UK large-cap ETFs benefit from record FTSE 100 winning streak

Jan 16th, 2017 | By | Category: Equities

ETF STRATEGY NEWS! ETF Strategy is delighted to announce the launch of ETF Strategy Hub (hub.etfstrategy.com), an on-demand repository of webcasts, videos, podcasts and white papers. Debuting with Special Series on Technology & Innovation in China and the Digital Economy.


The holiday spirit over Christmas and the New Year typically boosts capital markets, and 2017 has been no exception for UK equities and FTSE 100 ETFs.

UK equity ETFs benefit from record FTSE 100 winning streak

The FTSE 100 Index achieved its longest winning streak on record, rising for 14 consecutive days until Friday 13 January – hitting 7337.81 points – and registering 12 record closing values in a row.

The FTSE 100 Index achieved its longest winning streak on record, rising for 14 consecutive days until Friday 13 January – hitting 7337 points – and registering 12 record closing values in a row. Last week also marks the sixth week of gains, the first time this has happened since the summer of 2012.

The profitable run began on 21 December, thanks to mining companies enjoying rising metal prices, as well as retailers seeing better-than-expected performance figures. On Friday afternoon, US retail sales and confidence figures also lifted the dollar and further weakened the pound, providing a boon to British exporters.

“The Footsie has now seen [a] dozen days of price increases, in what amounts to its longest winning streak ever. It won’t go on forever, but the winter rally has shown it has considerable legs,” said Laith Khalaf, senior analyst at Hargreaves Lansdown, on 11 January.

Several ETF providers offer a FTSE 100 ETF. The cheapest and the largest is the 4.7bn iShares Core FTSE 100 UCITS ETF (LON: ISF) which costs 0.07%. ISF is up 3.3% so far this year and a healthy 27.6% over the past 12 months.

The HSBC FTSE 100 UCITS ETF (LON: HUKX) costs the same fee but has much less assets at £138m.

Other significant ETFs linked to the FTSE 100 include the Vanguard FTSE 100 UCITS ETF (VUKE), which holds over £2.3bn in AUM and carries a fee of 0.09%, and the UBS FTSE 100 UCITS ETF (UBO3), with over £120m in AUM and fees of 0.20%. Notable leveraged plays include the ETFS 3x Daily Long FTSE 100 (UK3L) from ETF Securities and the Boost FTSE 100 3x Leverage Daily ETP (3UKL) from Boost ETP, part of WisdomTree.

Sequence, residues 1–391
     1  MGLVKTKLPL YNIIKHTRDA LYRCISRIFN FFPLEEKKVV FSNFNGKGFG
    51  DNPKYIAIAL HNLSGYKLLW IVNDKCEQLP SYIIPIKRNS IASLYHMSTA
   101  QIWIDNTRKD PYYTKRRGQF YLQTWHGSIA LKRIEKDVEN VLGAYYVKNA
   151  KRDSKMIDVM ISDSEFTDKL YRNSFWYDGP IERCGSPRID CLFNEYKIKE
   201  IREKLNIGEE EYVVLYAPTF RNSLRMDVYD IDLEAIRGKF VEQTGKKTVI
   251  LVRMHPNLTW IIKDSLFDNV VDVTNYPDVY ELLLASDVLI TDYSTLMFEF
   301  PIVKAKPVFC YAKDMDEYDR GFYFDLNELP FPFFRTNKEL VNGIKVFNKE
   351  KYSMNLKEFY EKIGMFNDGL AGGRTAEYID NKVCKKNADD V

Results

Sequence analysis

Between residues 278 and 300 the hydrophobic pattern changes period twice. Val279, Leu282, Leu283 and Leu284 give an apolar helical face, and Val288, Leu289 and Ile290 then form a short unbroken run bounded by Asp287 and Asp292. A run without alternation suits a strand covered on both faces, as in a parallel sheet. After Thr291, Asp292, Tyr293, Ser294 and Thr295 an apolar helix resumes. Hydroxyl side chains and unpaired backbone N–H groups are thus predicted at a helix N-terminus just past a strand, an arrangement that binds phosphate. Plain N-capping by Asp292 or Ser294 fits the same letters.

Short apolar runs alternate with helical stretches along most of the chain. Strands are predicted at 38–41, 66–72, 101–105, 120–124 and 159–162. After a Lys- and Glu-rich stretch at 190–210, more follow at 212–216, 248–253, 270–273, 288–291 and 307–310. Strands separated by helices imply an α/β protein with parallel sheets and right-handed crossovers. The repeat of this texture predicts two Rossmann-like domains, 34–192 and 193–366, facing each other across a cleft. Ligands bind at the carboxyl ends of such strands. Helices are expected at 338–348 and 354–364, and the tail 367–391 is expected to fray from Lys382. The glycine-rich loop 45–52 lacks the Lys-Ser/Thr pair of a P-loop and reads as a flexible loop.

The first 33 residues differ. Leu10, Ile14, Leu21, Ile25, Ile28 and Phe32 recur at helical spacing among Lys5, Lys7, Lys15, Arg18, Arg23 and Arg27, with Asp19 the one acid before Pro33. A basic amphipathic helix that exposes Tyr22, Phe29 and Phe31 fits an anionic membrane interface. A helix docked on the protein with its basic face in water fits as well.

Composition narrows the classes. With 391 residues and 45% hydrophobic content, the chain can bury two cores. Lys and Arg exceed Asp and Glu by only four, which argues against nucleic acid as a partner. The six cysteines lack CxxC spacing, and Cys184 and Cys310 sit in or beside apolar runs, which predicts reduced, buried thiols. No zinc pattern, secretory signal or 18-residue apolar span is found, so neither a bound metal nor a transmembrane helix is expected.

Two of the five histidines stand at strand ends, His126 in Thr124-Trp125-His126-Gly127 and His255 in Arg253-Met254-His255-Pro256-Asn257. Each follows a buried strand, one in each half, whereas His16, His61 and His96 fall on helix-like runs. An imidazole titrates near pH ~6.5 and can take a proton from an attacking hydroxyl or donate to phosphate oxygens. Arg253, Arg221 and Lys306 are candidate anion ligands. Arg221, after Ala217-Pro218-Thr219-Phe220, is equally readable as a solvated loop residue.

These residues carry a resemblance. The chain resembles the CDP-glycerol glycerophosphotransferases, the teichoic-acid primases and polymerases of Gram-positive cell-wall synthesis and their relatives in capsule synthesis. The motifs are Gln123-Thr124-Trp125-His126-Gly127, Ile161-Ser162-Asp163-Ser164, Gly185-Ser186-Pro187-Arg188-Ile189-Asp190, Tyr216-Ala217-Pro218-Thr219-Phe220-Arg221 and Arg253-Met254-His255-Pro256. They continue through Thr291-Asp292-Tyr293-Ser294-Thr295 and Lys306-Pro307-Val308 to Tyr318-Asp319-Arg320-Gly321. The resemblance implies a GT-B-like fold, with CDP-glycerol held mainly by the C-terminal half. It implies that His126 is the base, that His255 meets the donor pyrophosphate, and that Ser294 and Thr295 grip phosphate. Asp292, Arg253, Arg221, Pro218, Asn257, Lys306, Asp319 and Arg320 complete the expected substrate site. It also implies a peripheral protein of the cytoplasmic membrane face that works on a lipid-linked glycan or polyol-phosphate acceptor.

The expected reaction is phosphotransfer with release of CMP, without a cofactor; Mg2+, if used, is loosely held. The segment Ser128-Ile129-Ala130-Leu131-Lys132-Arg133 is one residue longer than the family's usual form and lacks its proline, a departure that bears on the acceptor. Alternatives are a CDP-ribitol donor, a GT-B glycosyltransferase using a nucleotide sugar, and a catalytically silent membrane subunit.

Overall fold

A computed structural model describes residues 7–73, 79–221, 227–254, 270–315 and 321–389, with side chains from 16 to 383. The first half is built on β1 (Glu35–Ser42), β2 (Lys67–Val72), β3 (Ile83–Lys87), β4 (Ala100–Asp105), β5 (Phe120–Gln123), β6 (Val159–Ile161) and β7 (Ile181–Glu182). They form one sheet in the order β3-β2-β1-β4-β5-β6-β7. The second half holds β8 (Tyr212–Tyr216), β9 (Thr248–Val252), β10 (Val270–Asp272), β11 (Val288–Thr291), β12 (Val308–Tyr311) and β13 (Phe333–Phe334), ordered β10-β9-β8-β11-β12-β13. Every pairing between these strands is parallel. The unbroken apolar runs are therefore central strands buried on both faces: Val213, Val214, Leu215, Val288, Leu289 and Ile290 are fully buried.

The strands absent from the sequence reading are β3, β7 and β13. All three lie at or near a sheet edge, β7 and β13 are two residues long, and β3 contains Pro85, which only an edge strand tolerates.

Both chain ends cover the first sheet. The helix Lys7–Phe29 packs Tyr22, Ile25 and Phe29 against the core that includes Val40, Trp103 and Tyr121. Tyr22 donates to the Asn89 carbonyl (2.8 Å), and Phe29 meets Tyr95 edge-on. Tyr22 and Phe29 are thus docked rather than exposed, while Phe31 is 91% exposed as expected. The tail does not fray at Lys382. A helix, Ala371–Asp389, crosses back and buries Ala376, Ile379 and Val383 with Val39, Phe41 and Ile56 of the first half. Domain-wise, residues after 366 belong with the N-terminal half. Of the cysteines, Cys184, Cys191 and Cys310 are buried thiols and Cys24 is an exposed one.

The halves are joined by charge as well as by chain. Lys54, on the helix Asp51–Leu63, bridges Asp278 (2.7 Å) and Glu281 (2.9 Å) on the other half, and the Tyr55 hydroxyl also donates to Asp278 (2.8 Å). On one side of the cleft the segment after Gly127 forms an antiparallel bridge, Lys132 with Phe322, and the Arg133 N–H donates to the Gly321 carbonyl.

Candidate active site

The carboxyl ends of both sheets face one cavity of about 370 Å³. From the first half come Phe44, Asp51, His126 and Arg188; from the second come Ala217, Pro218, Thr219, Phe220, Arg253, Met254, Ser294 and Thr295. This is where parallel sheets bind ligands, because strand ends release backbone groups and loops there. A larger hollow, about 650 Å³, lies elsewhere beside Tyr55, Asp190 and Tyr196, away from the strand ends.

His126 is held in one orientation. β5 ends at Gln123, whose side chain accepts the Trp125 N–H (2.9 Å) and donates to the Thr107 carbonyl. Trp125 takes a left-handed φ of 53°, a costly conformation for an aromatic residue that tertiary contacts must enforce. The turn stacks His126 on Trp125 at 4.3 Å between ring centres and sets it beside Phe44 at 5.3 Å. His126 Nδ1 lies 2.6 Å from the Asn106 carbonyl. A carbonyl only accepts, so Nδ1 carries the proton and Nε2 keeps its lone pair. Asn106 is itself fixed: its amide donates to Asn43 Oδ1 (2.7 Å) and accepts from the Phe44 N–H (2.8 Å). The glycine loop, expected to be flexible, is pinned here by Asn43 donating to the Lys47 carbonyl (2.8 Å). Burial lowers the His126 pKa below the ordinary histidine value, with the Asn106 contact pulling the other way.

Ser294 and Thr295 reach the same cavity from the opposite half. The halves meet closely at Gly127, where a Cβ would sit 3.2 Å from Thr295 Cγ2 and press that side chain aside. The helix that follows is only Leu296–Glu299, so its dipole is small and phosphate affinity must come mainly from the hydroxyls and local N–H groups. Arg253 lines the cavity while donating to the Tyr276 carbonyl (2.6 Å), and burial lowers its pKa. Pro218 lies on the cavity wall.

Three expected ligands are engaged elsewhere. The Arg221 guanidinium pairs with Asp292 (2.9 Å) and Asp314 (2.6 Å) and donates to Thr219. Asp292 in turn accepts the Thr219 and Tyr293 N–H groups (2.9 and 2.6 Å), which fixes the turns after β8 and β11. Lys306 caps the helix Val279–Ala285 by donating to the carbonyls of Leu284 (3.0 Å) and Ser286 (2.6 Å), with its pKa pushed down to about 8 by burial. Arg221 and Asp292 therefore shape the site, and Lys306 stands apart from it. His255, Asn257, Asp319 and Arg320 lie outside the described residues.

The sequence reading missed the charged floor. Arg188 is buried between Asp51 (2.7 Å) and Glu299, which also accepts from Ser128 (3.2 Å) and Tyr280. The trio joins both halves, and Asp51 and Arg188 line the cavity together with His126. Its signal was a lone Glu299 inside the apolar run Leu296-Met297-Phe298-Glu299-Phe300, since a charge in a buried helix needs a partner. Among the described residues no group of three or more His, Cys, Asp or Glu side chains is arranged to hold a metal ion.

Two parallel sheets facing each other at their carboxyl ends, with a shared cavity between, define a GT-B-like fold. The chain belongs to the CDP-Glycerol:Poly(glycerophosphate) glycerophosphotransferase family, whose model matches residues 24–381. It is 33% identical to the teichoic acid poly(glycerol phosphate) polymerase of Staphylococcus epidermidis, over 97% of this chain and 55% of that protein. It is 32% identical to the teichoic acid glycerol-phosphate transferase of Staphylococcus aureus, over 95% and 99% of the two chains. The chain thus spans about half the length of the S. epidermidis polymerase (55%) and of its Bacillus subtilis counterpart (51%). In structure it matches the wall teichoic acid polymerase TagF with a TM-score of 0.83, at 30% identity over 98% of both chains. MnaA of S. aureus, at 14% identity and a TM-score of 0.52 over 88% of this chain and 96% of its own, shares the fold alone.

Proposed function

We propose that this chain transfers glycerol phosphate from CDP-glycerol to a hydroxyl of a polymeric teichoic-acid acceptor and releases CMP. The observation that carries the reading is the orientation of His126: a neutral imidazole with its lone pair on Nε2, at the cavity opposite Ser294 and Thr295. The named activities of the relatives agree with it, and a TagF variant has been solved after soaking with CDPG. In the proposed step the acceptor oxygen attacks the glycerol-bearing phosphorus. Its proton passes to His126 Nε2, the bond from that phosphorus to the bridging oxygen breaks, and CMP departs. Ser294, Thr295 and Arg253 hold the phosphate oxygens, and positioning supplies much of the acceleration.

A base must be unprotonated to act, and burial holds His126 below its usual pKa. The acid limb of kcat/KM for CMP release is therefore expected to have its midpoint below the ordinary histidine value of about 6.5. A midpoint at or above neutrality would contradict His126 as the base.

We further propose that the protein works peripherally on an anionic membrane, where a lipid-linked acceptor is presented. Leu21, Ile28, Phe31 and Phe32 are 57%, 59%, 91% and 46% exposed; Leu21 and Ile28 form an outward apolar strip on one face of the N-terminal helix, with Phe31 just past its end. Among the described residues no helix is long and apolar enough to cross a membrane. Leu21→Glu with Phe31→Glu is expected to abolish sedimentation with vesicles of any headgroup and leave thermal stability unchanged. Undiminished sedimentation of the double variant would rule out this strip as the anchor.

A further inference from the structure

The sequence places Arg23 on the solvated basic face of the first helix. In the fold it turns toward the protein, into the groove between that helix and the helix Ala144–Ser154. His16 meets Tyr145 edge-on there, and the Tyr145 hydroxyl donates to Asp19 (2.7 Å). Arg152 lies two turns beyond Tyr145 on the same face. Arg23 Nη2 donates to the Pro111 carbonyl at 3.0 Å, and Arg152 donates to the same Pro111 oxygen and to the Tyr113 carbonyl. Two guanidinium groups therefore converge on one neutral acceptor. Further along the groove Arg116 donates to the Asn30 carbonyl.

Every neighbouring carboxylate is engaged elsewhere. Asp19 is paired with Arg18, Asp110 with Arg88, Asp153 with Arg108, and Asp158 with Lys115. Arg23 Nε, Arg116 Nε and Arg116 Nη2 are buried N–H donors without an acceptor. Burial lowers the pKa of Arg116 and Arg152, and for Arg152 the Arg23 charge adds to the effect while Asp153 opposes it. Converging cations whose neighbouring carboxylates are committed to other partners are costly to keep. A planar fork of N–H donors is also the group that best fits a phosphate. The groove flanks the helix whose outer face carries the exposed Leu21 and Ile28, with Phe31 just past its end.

UK mid-caps and the FTSE All-Share Index has also performed well during 2016, with the Vanguard FTSE 250 UCITS ETF (LON: VMID) and the SPDR FTSE All-Share UCITS ETF (LON: FTAL) up 12.8% and 25.2% over the last 12 months respectively.

The FTSE 100 has largely benefitted from the depreciation of the British pound in the wake of the UK’s decision to leave the European Union, making British goods and services more competitive on the international stage. The dollar/Sterling exchange rate fell from 1.49 $/£ on 23 June 2016 to 1.21 $/£ by 14 January 2017. The euro/Sterling exchange rate fell from 1.30 €/£ to 1.14 €/£ over the same period. As the pound hit a 31-year low against the dollar due to the prospect of a “hard Brexit” on 4 October, for example, the FTSE 100 closed at an almost record high of 7,074 points.

Sterling volatility is likely to fluctuate further as UK Prime Minister Theresa May prepares for her Brexit speech on Tuesday, outlining the government’s approach to negotiations before triggering Article 50.

The success of some domestic stocks within the UK indices, however, suggests the rally is not being solely driven by multinational companies benefiting from a lower sterling currency.

“It’s important not to get too carried away with the recent run of good form,” warned Khalaf. “Over such a short time frame it’s best to take stock market movements with a pinch of salt, whether they are good or bad.”

Last New Year, the FTSE 100 took investors on a bumpy ride. The index plummeted more than 7% in the first two weeks of January, rebounding around 4% by the end of the month and then tanking 6% to 5,707 points by mid-February, its lowest level since late 2012.

But despite an index dip of about 5.6% in the four days after the Brexit referendum last June, and an even smaller drop after Donald Trump was elected on 8 November to become the 45th US President, global capital markets contagion, as predicted by some analysts, did not come to pass.

For investors who do not want to invest too heavily in UK equities, European equity indices ended the week higher, too, boosted by positive updates from banks like JP Morgan and the Bank of America.

The Amundi ETF MSCI Europe UCITS ETF (LON: CEUR) is up 3.3% year to date and 28.2% over the past 12 months in GBP terms. In euro terms (EN PARIS: CEU), the fund is up 1.4% and 10.4% over the same time periods. The ETF holds around 30% in UK stocks before diversifying across Europe with significant country exposures to France (16.1%), Germany (14.7%) and Switzerland (13.7%), for example. It is the cheapest ETF tracking this index compared to at least seven funds from other ETF providers.

Tags: , , , , , , , , ,

Leave a Comment